From:           Corinne       E-mail address available.. We recommend you use the CLICK HERE switch to request it.

To:               Donald Thorn

Date:           July 2, 2006

Dear Don,

Thank you so much for your prompt reply to the website and your helpful e-mail of June 27 identifying some of the subjects of the photograph of a summer bible school which the Brushes (and later the Sanfords) held year after year. I have no idea what year this particular photo was taken, but judging by my own image, I must have about 6 years old - '42.

Stephen is printing an up-to-date list of your IDs, but I think the one mentioning Barbara Seth may be in question. I feel that number 39 is she, not 13. Perhaps someone else may provide us with more input. Althea is going to look closely at the picture when she can lay hold of a computer - her son is taking his over to their cottage sometime soon, and since she was friendly with several people at the "school" she might just remember. Intriguing, isn't it - and heaps of fun!

By the way, the "toddler" on her carrier must have been my younger sister Jill. I remember taking rides with Althea and Daddy - usually on her carrier (or my father's cross-bar), until her carrier got loose and fell off, and I sustained a terrible burn on you-know-where!! All of Kharagpur must have heard my yells! That was the end of riding "pillion" on Althea's bike and my parents were prompt in buying me a "fairy" cycle, which I quickly learned to ride and formed a trio with my father and Althea, often accompanied by Bunny Hustin - Daddy's friend - and others. The carrier was quickly repaired, and the next incumbent found her way onto it, namely, Jill - the "toddler" in question.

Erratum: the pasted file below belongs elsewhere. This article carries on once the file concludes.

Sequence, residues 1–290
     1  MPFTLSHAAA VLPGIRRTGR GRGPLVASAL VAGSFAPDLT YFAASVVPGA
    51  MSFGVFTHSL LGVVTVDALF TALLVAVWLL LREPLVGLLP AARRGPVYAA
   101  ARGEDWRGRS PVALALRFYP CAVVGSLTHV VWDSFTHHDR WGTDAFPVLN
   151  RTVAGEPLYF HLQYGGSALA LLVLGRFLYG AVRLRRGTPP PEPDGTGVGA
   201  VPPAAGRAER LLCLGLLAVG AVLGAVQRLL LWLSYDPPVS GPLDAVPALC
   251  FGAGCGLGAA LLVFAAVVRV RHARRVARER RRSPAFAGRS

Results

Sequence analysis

So glad you made contact with Clare. We so enjoy her colourful letters and photos, which will appear from time to time on this page in appropriate subject matter. You mentioned your Uncle, Dunny Jansen. He was a regular visitor to our home at 302 3rd Ave - such good company. My father and he regaled each other with funny stories, and both were excellent raconteurs, so they had the rest of the party in hysterics. Aunty Hazel Green (who became Brendish) was about Dunny Jansen and Lambe David's (another regular visitor) age, so they were all friends. Since Hazel was staying with us at the time, her friends were always made welcome. Dunny and Lambe were THE COMEDY ACT of KHARAGPUR. Had they been in America, they would have been snapped up by Hollywood, most likely. What with the two of them and Lewin Brown and his many artistic gifts, we were surrounded by an abundance of talent.

Many kind remembrances,



From:           Corinne       E-mail address available.. We recommend you use the CLICK HERE switch to request it.

To:               Terence O'Flynn

Date:           July 2, 2006

Dear Terence,

What wonderful news that you have rediscovered an old friend - and through my web-site! We can both share your excitement and celebrate along with you. Now I hope that "Sweetie" and her observant family will contribute to our joy by sending a few words of their own. This web-site is FAMILY, and we must all stick together and NOT just be "silent observers," as I hear so many are! Please keep us informed as you so regularly do.

Your luncheon with Philip and Owen sounds very interesting. I remember both families very well-they lived opposite us when we lived at 302, 3rd Ave. Mrs. Graham's dolls fascinated me, and I had several in my collection. Mr. Graham used to paint the faces, I seem to recollect. (I could still smell the paint of the newly finished dolls, all so beautifully dressed).